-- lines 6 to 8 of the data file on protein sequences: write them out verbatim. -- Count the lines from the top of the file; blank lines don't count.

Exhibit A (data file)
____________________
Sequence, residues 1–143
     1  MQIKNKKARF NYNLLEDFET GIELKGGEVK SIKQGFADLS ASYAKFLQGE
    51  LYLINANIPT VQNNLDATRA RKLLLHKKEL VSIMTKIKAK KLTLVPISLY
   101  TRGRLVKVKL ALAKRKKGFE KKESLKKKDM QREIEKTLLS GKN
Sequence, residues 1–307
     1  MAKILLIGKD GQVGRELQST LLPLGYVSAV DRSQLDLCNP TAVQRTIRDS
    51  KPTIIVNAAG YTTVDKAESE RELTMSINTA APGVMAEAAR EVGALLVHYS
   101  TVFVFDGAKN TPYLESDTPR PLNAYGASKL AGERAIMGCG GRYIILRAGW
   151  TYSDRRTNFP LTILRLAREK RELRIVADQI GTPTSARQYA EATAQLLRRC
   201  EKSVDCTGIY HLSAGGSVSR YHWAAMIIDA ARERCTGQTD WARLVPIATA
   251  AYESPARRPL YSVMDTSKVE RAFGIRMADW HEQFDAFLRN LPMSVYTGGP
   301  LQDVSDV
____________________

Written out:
     1  MAKILLIGKD GQVGRELQST LLPLGYVSAV DRSQLDLCNP TAVQRTIRDS
    51  KPTIIVNAAG YTTVDKAESE RELTMSINTA APGVMAEAAR EVGALLVHYS
   101  TVFVFDGAKN TPYLESDTPR PLNAYGASKL AGERAIMGCG GRYIILRAGW